L09: Meetings: Leadership and Productivity
According to A Harvard Business Review article, professionals agree that as much as 50% of that meeting time is unproductive and that up to 25% of meeting time is spent discussing irrelevant issues. That’s why leaders need to be able to plan and conduct the meeting effectively and productively. Doing so requires leadership communication skills and is important in setting precedent for the rest of the organization.
This chapter will help leaders and other meeting planners conduct productive meeting by firstly determining when a meeting is the best forum for achieving the required result; establishing objectives, outcomes, and agenda; performing essential planning; clarifying roles and establishing ground rules; using common problem-solving techniques; managing meeting problems; and ensuring that follow-up occurs.
First of all, leaders need to come up with the clear communication purpose and strategy, as well as analyze the audience to determine whether a meeting is the best forum for what they want to accomplish. Meeting could often have many objectives. However, effective meeting usually have to have only one main overall purpose. Importantly, to make the meeting more productive, leader can write out the purpose and objectives very specifically, then, to start the meeting, tell the audience the intentions of the meeting. To determine topics for the agenda, leaders need to estimate the time it will take to cover each topic and accomplish each objective as realistically as possible. After that, it is important to invite the right attendees who can contribute to achieving the meeting objectives. Then, leaders needs to consider the best setting for the kind of meeting, setting a time for the meeting which is appropriate for every member’s schedule and commitments. Before beginning the meeting, information is also needed to provide to all attendees so that they can prepare further information to facilitate the discussion and accomplish the meeting objectives.
In order to run the meeting smoothly and efficiently, all attendees should corporate and know the decision-making approach. Usually, the leader is a person who sets the tone and creates the decision-making approach for the organization. However, some issues may arise despite the best planning and meeting processes. All meeting leaders and facilitators have to be prepared to handle all problems in ways that not interfere with the meeting objectives or those of the broader organization. The most two common problems that can interfere with creativity are negative thinking and resistance to the ideas of others or change of any kind. The best way to stop negativity is to establish a ground rule outlawing it, and to solve the resistance to ideas; the person may offer an opposing idea or present roadblocks. For some purposes, the leader may want to encourage the contrary ideas and even encourage someone to play devil’s advocate to inspire better ideas as the group argues the pros and cons. Furthermore, when the common meeting problems turn into direct conflict, facilitators need to be more aggressive in their tactics. They must be prepared to manage the conflicts and the people involved before they interrupt meeting progress and in some case even intrude into the overall working environment.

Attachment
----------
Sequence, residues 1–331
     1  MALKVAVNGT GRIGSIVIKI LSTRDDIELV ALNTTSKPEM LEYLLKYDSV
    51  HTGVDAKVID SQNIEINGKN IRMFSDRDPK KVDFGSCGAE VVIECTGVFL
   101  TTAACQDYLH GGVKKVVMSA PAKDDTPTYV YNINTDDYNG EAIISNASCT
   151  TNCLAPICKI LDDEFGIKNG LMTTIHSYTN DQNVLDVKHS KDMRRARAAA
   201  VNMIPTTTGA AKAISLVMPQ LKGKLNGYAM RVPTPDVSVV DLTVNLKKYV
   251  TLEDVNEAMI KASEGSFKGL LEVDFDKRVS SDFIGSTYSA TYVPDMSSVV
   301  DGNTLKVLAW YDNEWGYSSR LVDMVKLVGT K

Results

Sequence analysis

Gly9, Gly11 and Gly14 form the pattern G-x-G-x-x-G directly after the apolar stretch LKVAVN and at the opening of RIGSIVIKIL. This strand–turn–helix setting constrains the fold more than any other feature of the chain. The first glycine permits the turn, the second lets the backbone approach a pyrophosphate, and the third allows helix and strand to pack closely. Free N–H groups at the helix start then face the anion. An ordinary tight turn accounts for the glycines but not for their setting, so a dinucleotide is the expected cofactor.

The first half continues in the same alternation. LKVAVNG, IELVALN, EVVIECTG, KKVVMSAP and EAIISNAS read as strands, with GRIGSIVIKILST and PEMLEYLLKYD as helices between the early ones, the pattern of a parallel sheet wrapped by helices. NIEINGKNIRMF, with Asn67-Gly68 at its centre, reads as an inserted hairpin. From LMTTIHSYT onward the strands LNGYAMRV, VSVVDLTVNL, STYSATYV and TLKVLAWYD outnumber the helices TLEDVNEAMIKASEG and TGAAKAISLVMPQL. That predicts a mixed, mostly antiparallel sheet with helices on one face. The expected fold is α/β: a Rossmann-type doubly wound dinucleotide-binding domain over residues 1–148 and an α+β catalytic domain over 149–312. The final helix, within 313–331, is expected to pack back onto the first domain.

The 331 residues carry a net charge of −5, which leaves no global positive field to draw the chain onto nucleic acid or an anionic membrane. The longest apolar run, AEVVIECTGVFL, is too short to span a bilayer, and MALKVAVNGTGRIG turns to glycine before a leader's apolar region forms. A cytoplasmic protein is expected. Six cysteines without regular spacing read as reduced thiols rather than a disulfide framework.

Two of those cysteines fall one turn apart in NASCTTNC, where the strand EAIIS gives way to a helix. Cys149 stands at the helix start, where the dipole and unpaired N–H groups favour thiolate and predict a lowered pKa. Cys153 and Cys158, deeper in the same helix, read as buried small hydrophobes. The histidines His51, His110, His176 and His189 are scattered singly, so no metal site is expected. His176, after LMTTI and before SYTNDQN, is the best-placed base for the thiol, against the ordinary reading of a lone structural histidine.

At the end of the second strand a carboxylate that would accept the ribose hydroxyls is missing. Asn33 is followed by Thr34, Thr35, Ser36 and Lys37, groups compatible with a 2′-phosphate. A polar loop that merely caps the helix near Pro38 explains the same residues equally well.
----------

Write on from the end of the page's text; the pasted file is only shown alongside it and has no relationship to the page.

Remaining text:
Even though leaders understand the importance of cultural differences, since meeting conflict may arise from cultural differences, leaders will want to be aware of some of the specific issues related to meeting. Leaders should recognize some of these potential issues that will help in managing many of them. No one can know enough about every culture to prevent the misunderstanding situation, but we can be aware of the differences and lead or facilitate the meeting in such a way that we help participants feel more comfortable. It may be dangerous to generalize about personalities and how people will behave in a given situation, but being aware of some of the differences is the most important to help us lead and manage the meeting more effectively.
1. What is traditional brainstorming?
Purpose: To generate a lot of ideas
- Person is expected to contribute an idea
- Ideas are not to be evaluated or judged
- Ideas must be captured just as they are
- Quantity is what is important, not quality
- A facilitator’s role is to keep things moving and make sure the scribe captures all idea
- Brainstorming ends when the ideas stop coming or when time runs out
2. How to decide when a meeting is the best forum?
To determine if a meeting is the best forum, ask yourself the following questions:
v What is the purpose? What do I hope to accomplish?
v Will a meeting accomplish that purpose most efficiently? Most effectively?
v Can I describe exactly the outcome I am seeking from the meeting?
v Is our group more productive when we meet?
3. What are the points to be considered while planning a meeting?
While planning a meeting, you should consider
- Clarify purpose, objectives, and end products:
- Before the meeting or at the beginning, write out and agree on your purpose and objectives.
- Align those objectives with the expected end products.
- Decide on the following:
- Location, equipment, and room layout
- Materials needed before and during
- Meeting timing
- Decision-making approach
- Create the agenda
To conduct a productive meeting, you will need to do the following:
Review your purpose, end products, and agenda
Establish roles and ground rules
Use common problem-solving methods
Manage meeting problems and conflict
Ensuring Meeting Follow-up Occurs:
· Assign specific tasks to specific people
· Review all actions and responsibilities at the end of the meeting
· Provide a meeting summary with assigned deliverables included
· Follow-up on action items in a reasonable time